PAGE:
Image via Wikipedia

Earlier this week, the blog Retraction Watch called attention to four recent paper retractions by noted gene therapy researcher Savio Woo of Mount Sinai School of Medicine in New York City. Today, the school said in a statement that two of Woo’s postdoctoral fellows have been fired for research misconduct and that an internal investigation has cleared Woo of any wrongdoing.

Two of Woo’s post-doctoral fellows at Mount Sinai School of Medicine were dismissed for “research misconduct,” said Ian Michaels, a spokesman for the institution. According to Michaels:

When Dr. Savio L C Woo came to suspect that two post-doctoral fellows in his laboratory may have engaged in research misconduct he notified the Mount Sinai Research Integrity Office. Mount Sinai immediately initiated institutional reviews that resulted in both post-doctoral fellows being dismissed for research misconduct. At no time were there allegations that Dr. Woo had engaged in research misconduct. As part of its review, the investigation committee looked into this possibility and confirmed that no research misconduct could be attributed to Dr. Woo, who voluntarily retracted the papers regarding the research in question. Mount Sinai reported the results of its investigations to the appropriate government agencies and continues to cooperate with them as part of its commitment to adhere to the highest standards for research integrity.

File:HippocraticOath.jpg

Wikipedia: A twelfth-century Byzantine manuscript of the Hippocratic Oath.

According to ScienceInsider, the names of postdocs Li Chen and Zhiyu Li were recently removed from Mount Sinai’s directory. Chen and Li were listed as first authors on the retracted papers. Three  major journals — Proceedings of the National Academy of SciencesHuman Gene Therapy, and the Journal of the National Cancer Institute — recently retracted papers authored by Woo and others.

In a retraction notice issued this month, Woo wrote that:

It was discovered that some of the micrographs in two papers we published [figure 4 in J Natl Cancer Inst 2008;100:1389-1400 (1), and figure 3 in Hum Gene Ther 2009;20:751-758 (2)] are apparently duplicated. This has been reported to the institutional research integrity committee by the authors and while the outcome of an investigation is pending, the undersigned co-authors respectfully request a retraction of both papers and sincerely apologize to our colleagues.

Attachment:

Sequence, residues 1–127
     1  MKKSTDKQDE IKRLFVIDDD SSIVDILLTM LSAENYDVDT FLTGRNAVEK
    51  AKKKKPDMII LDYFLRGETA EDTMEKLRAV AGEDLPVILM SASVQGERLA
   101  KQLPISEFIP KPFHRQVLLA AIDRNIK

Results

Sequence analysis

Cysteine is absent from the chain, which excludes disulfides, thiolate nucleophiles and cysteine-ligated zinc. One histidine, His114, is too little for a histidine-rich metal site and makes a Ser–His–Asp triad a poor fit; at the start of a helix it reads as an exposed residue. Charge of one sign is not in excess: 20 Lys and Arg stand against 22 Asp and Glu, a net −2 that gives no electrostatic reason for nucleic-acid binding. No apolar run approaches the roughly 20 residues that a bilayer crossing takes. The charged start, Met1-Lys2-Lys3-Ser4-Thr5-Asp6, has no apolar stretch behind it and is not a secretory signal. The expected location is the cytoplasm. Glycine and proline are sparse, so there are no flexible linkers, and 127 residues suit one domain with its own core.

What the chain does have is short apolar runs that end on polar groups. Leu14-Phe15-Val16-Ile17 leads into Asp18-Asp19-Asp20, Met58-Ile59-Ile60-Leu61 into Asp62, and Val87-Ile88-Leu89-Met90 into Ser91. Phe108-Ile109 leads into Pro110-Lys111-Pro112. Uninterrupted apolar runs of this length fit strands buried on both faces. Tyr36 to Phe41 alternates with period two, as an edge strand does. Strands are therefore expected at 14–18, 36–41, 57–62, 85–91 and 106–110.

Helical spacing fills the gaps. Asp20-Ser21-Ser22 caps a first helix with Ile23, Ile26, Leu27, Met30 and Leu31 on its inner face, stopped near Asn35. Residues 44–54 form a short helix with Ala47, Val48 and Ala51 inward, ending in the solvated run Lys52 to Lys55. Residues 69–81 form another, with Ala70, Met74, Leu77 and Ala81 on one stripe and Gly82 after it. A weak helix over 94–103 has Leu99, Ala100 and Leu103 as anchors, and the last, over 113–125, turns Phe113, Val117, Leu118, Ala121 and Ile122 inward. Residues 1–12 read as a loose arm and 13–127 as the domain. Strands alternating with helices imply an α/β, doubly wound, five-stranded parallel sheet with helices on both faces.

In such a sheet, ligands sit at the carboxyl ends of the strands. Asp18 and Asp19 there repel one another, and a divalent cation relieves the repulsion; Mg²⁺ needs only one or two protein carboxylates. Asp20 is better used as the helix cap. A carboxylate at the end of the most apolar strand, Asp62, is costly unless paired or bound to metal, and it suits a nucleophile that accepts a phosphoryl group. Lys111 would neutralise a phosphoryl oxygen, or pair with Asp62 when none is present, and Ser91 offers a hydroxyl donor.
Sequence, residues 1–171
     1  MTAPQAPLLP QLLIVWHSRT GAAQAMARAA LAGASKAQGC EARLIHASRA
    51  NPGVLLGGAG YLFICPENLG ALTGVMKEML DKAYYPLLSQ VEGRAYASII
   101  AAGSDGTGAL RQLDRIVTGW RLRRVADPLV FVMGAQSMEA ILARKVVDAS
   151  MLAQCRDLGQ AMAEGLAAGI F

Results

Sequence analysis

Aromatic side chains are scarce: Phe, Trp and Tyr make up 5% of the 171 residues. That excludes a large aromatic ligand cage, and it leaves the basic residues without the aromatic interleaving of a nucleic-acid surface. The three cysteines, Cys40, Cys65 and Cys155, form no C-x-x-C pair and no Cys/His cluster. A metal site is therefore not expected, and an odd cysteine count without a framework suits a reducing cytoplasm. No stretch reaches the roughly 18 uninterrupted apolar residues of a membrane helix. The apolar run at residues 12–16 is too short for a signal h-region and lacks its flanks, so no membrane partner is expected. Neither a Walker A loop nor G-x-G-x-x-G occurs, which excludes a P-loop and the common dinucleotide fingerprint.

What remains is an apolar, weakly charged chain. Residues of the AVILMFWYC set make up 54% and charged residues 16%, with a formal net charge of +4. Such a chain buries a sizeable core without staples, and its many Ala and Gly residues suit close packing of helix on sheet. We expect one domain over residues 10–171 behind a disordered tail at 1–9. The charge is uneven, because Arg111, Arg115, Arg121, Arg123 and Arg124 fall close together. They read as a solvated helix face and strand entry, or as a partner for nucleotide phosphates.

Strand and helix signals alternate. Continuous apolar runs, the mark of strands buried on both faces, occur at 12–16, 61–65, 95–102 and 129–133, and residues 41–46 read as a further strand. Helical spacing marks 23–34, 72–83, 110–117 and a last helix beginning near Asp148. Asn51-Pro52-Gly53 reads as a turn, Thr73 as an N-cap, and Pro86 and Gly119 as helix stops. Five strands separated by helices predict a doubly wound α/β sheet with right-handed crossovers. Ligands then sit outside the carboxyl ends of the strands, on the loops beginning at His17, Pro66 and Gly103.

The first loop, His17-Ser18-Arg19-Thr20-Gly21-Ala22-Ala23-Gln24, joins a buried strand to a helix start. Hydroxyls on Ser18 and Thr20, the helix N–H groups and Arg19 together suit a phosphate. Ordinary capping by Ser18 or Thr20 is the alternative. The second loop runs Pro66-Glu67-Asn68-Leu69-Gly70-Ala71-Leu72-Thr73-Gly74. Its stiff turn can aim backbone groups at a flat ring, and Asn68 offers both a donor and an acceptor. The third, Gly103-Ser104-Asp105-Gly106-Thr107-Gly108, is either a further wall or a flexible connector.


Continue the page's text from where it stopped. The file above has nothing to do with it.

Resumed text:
The four papers in question focus on two different areas of gene therapy research. One pair, published in 2008 in the Journal of the National Cancer Institute and in 2009 in Human Gene Therapy, investigate genetically engineered bacteria as a weapon against cancer. The other two papers describe a method for using bacterial enzymes to introduce therapeutic genes. A 2005 paper in the Proceedings of the National Academy of Sciences reports experiments in which mice with the metabolic disorder phenylketonuria appeared to be cured using this method. As a demonstration of the promise of gene therapy, that work garnered some media coverage, includingthis article in Science. A 2008 paper in Human Gene Therapy described the use of the technique in human cells.

Source: http://blog.the-scientist.com/2010/09/20/new-in-a-nutshell/

Indian superbug now in 14 countries

September 14, 2010

The widespread and indiscriminate use of antibiotics in India has probably helped in making the superbug NDM1 (New Delhi metallo-beta-lactamase-1) resistant to virtually every known antibiotic. The defensive attitude taken by the medical profession in India when the Lancet report was first published is less apparent now and the Government has been forced to address the issue of the use of antibiotics.

image:jetlib.com

Three cases have been found in the US. Three people returned to the US from India earlier this year infected with the newly described “superbugs” that are highly resistant to antibiotics, according to media reports. All three confirmed cases – one each in California, Illinois and Massachusetts – involved people who got medical care in India. The Illinois patient recovered, and there is no evidence the infection was transmitted to other people. Another person was treated at Massachusetts General Hospital and isolated, a measure that prevented the germ from spreading, said David Hooper, chief of the hospital’s infection control unit, the Boston Herald said. The Massachusetts patient too survived. The daily said the superbug seems to have been contained. All three patients developed urinary tract infections that carried a genetic feature that made their cases harder to treat.